Hilda, Saint

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Hilda, Saint,

614–80, English abbess of Whitby, princess of Northumbria. She became a Christian at the age of 13 and a nun at 33. About 647 she set out for a convent in France, but was recalled by St. Aidan to found a convent on the banks of the Wear River. In 657, St. Hilda founded the abbey later called Whitby. It was a double monastery, housing both men and women. The poet Cædmon became a lay brother there during her abbacy. Her strong personality made her a great figure in the Church in N England, and the Synod of Whitby (663) met in her abbey to settle differences between the Roman and the Celtic ecclesiastical uses. St. Hilda herself favored the Celtic rite, but the Roman rite was adopted. Feast: Nov. 17.
References in classic literature ?
And respecting language, I willingly hold communication in that spoken by my respected grandmother, Hilda of Middleham, who died in odour of sanctity, little short, if we may presume to say so, of her glorious namesake, the blessed Saint Hilda of Whitby, God be gracious to her soul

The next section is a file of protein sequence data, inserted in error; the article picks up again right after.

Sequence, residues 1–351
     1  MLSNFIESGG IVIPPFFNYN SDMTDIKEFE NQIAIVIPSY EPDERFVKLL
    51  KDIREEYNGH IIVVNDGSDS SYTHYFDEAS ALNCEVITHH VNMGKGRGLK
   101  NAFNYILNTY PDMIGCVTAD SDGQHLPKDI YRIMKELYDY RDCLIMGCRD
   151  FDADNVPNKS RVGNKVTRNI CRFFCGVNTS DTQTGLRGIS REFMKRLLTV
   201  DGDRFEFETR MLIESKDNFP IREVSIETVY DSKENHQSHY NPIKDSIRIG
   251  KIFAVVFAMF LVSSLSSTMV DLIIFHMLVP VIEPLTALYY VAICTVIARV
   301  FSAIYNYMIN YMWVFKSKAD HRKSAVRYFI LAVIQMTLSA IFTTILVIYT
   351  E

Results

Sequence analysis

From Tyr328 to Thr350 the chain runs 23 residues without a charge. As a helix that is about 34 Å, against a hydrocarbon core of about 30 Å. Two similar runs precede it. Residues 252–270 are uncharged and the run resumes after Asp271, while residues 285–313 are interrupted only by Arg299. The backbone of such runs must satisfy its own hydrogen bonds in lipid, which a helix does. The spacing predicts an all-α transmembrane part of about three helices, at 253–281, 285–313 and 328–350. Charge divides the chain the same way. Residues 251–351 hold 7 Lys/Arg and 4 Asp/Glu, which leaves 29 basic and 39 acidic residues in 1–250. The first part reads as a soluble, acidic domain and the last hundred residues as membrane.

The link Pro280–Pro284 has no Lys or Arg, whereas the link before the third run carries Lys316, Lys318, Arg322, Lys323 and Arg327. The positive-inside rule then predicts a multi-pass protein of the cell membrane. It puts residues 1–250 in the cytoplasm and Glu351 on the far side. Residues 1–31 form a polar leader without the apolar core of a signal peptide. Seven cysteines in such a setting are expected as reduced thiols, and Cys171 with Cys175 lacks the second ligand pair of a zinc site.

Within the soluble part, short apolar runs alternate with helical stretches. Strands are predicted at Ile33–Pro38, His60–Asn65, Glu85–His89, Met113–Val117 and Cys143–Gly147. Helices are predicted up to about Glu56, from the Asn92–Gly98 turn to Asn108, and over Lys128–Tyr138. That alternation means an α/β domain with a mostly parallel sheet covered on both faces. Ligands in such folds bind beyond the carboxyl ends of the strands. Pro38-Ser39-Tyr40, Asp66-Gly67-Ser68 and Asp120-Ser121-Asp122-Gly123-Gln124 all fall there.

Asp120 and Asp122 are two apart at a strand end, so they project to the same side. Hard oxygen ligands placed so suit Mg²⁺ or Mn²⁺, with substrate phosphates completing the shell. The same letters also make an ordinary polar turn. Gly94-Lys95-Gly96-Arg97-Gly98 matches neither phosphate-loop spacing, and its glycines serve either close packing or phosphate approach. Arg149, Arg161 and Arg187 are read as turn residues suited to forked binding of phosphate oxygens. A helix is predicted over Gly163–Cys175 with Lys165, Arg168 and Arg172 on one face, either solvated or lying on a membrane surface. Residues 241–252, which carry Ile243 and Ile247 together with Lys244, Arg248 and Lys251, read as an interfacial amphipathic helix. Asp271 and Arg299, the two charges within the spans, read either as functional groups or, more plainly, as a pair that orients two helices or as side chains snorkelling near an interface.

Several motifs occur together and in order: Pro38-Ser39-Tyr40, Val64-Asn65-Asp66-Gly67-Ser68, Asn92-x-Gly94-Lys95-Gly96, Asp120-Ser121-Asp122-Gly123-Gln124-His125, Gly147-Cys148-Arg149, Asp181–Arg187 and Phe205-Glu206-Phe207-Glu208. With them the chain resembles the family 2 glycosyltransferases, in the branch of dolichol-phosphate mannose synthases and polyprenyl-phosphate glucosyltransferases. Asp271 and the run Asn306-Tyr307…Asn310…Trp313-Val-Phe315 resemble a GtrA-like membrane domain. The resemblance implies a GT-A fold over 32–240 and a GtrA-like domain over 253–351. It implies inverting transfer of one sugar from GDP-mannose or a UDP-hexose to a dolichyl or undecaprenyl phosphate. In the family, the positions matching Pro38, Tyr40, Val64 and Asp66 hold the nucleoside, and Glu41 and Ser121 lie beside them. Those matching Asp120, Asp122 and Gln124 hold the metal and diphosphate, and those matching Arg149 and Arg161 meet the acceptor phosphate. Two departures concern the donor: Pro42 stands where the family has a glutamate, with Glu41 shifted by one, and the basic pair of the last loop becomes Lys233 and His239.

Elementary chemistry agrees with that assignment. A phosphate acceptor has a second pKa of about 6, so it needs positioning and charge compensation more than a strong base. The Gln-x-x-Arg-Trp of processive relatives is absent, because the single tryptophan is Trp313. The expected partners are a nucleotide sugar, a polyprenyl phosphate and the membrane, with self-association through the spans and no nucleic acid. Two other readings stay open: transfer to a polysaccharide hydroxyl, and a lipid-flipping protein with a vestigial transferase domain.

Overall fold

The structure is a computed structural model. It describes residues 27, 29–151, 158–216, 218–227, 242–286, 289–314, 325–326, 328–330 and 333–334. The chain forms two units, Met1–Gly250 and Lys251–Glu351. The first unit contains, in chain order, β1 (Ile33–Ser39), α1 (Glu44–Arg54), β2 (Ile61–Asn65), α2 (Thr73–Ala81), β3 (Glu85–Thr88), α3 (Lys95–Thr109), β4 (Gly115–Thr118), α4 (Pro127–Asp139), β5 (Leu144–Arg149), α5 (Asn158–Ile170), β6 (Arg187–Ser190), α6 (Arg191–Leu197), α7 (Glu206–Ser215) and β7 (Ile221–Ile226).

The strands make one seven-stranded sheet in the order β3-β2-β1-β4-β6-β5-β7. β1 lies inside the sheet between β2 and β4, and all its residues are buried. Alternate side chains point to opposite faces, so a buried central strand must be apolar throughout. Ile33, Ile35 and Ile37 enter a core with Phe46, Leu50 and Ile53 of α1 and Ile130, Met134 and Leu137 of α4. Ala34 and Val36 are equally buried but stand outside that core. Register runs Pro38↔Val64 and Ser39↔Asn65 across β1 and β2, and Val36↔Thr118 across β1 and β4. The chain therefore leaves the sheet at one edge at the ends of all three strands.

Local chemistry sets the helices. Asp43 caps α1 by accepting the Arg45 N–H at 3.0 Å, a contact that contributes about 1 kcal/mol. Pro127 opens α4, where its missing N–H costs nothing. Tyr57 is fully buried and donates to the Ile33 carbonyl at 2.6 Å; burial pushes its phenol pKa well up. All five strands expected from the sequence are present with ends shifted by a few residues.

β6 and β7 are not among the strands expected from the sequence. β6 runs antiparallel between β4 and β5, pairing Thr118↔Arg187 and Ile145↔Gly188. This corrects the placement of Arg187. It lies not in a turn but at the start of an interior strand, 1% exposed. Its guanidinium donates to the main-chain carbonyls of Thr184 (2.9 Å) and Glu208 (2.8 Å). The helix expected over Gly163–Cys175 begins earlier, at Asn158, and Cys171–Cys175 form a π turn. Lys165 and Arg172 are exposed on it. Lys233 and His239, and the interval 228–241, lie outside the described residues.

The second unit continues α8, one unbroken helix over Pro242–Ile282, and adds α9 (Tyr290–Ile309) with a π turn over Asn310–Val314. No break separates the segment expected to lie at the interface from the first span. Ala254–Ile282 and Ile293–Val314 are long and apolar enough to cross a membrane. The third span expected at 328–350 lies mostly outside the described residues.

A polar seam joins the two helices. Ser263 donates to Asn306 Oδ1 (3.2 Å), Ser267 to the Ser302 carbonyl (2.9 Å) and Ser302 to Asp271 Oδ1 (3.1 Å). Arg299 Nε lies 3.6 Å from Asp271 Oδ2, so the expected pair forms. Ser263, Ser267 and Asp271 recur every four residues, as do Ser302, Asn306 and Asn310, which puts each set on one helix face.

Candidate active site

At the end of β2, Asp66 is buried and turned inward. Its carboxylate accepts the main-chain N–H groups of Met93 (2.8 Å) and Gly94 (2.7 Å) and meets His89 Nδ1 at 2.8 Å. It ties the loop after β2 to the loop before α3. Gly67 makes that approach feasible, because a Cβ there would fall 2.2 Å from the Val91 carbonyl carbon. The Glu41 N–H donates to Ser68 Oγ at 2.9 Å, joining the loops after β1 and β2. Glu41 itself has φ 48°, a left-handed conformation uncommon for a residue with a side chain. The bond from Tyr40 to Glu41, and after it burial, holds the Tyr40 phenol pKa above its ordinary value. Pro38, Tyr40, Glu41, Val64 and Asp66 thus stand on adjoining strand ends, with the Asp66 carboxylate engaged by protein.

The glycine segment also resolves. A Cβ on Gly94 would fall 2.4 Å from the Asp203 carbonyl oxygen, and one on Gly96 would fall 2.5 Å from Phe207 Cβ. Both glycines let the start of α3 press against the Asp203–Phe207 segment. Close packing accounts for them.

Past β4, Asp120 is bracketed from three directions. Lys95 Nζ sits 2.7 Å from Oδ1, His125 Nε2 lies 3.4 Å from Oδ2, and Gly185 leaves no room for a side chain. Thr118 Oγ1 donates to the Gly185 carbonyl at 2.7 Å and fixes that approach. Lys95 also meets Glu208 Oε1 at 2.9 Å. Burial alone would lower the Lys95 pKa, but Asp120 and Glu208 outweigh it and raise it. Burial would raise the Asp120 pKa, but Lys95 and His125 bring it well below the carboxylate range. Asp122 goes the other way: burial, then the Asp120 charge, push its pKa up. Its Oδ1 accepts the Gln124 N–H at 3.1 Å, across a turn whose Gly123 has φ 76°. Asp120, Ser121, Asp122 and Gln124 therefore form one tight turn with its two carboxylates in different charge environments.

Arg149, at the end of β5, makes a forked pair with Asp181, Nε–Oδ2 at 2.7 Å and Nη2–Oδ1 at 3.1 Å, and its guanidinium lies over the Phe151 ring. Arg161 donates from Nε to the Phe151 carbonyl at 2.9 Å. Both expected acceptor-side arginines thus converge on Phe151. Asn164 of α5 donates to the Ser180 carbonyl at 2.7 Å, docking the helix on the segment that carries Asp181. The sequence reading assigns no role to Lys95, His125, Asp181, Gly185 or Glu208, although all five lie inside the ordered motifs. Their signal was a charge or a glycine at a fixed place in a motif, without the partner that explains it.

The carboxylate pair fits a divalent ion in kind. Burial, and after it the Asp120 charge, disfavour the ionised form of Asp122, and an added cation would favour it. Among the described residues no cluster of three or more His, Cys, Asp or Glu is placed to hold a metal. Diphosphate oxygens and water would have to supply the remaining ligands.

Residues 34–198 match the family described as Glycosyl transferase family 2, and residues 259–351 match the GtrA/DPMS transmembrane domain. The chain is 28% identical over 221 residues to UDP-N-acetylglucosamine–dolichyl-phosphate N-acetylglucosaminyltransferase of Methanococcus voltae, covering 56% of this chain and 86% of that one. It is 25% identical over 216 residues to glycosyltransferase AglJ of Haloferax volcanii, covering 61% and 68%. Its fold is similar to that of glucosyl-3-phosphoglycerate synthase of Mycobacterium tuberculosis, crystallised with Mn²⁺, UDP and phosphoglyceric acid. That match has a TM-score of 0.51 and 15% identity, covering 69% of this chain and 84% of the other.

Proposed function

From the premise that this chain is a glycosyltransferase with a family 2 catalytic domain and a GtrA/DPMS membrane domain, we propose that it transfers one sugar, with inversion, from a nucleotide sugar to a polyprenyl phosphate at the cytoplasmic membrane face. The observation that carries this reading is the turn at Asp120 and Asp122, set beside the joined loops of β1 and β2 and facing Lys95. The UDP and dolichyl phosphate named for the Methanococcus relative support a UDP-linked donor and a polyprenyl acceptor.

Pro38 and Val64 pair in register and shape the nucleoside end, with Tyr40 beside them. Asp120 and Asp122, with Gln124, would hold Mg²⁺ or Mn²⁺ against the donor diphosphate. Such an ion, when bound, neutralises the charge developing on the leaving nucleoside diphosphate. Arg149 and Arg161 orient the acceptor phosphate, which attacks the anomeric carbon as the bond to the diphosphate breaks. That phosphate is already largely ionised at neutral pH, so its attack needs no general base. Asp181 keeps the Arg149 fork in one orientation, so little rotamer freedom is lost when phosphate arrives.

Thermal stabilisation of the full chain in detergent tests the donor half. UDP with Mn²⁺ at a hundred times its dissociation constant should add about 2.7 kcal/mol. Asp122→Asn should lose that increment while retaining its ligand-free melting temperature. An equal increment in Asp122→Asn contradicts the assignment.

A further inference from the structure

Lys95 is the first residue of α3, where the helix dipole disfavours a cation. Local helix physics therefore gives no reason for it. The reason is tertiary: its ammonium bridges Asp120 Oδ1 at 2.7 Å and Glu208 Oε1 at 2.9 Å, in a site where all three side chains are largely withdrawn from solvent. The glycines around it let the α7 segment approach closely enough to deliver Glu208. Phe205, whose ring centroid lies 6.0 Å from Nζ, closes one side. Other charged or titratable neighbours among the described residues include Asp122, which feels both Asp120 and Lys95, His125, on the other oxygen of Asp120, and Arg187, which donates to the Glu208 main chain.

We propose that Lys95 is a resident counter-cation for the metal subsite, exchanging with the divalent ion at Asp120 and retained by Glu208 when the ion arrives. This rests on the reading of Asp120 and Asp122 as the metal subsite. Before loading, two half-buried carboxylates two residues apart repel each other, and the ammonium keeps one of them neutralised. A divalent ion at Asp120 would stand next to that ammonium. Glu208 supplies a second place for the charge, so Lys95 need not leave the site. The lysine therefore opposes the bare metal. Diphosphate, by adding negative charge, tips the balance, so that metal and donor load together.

Hilda of Whitby, founding abbess of the monastery of Whitby, a woman who was viewed as one with great energy and a love for the arts.
Suggestions include Hilda of Whitby, a seventh century Christian saint who advised kings.
This year was the best ever, well constructed, and run, the Royal Sapphire Jazz Band leading the parade from St Hilda of Whitby church to the War Memorial providing that extra touch.
Hilda of Whitby, a real-life medieval British saint.
Hilda of Whitby who was born in West Saxony, England, in 614.
Apart from exceptional female protagonists, such as Hilda of Whitby, Teresa of Avila or Mary Ward, these centuries were characterized by the continuation of the trend towards the denial of women in the public sphere.
Hilda of Whitby, abbess of women and men, join the sexes together--our world to mend.
We named ourselves after Hilda of Whitby, who was both an English saint and a strong woman, who had taken a leadership role in the foundation of Whitby and had worked successfully alongside men.
Hild brings a beautiful yet brutal world to life along with one of its most pivotal figures, the girl who would become St Hilda of Whitby.
Bridget was one such bishop, as was Hilda of Whitby who adhered to Celtic customs even after the synod she hosted turned the English church more toward Roman Christianity than the Celtic variety.